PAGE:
IMG_2645Now to diabetes; during our evolution we developed the ability to digest all the above macro-nutrients. The relatively low carbohydrate content supplied by vegetation, roots, nuts, seeds, fruit and an occasional (rather painful I expect!) foray into wild honey, needs the hormone insulin for metabolism.  All these foods contain sugars that must be broken down into their simplest form for absorption – glucose. This was undoubtedly a life-saver all those years ago, because insulin is the fat-storing hormone. It can change glucose to fat for storage. During summer and autumn, when there would be a reasonable amount of carbohydrate containing foods around, fat could be stored for winter energy when times were lean. Brilliant! The human body is so amazing!

Now think about what happens today. We eat what we want, not what we need. We eat bread, cereals, fruit, potatoes (a recent addition to our vegetables – around 400 years ago) and rice every day and most often three or more times a day – because the government says we should! Insulin will be in our bloodstreams almost constantly and if you are not expending energy then your muscles don’t require a glucose diversion and all glucose in the blood will be stored as fat. After a of time eating this way, the body becomes “insulin resistant” – more and more insulin is needed to provide the same function and it is this state that can contribute to, or maybe even cause, type 2 diabetes.

There are some other possible predisposing factors for type 2 diabetes too:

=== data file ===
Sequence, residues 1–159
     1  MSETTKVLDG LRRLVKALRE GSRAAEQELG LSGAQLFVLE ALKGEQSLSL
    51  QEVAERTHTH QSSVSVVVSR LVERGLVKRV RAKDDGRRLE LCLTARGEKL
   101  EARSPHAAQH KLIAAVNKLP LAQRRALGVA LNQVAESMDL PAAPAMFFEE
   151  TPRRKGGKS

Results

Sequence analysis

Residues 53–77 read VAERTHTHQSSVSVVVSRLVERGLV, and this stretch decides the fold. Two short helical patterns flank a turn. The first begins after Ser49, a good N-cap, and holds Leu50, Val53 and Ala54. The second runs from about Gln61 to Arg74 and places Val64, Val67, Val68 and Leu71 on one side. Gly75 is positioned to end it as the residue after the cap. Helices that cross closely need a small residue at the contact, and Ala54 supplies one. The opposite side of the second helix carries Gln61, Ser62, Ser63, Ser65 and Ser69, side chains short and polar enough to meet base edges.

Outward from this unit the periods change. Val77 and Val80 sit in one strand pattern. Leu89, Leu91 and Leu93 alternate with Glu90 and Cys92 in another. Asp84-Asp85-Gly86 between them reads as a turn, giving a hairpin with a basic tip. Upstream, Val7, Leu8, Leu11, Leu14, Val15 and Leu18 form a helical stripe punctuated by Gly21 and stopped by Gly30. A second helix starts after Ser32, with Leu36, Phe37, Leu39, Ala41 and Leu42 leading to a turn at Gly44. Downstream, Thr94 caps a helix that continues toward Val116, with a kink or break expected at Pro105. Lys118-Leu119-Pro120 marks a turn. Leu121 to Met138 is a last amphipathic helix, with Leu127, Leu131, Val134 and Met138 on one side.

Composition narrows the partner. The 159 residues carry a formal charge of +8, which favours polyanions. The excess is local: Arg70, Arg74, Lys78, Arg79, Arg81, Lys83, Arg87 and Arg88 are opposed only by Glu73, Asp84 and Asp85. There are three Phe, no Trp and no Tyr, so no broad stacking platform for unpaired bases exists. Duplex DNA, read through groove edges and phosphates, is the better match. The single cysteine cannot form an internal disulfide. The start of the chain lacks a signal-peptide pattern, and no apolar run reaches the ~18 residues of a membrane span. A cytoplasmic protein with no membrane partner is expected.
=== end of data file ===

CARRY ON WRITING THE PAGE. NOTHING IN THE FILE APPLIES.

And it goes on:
Low vitamin D levels
Poor gut health
High intake of polyunsaturated fats
Diabetes in your family
Heart disease in your family
Obesity (indicative not causative)
Inactivity
Corticosteroid drugs

So why do I think we’ll split into two sub-groups? Well, my theory is to do with the main effect of glucose imbalance – damage in the circulatory system. Unchecked glucose in the bloodstream leads to inflammation – and this is disease provoking. Due to roughening of the blood vessel walls, the body sends out the rescue team which tries to repair the damage. This ultimately compromises arterial blood flow by narrowing the lumen, thus reducing the flow to all organs. Now, younger and younger people are being diagnosed with type 2 diabetes – even as young as teenagers. Diabetes can affect the artery supplying the groin. In men this can cause erectile dysfunction and production of sperm. In women it can cause poor blood flow via the umbilical cord to a growing foetus, making spontaneous miscarriage likely or the baby could be born with serious health problems.  These scenarios will lead to fewer viable pregnancies and therefore population decline. People who obtain all the nutrients – in the right proportions – for human existence will continue to thrive and produce healthy offspring. Please remember that this is my view and I have only my own observations to back me up. Something needs to be done about this situation but I suspect it will get far worse before it gets better. Sorry to be the harbinger of doom!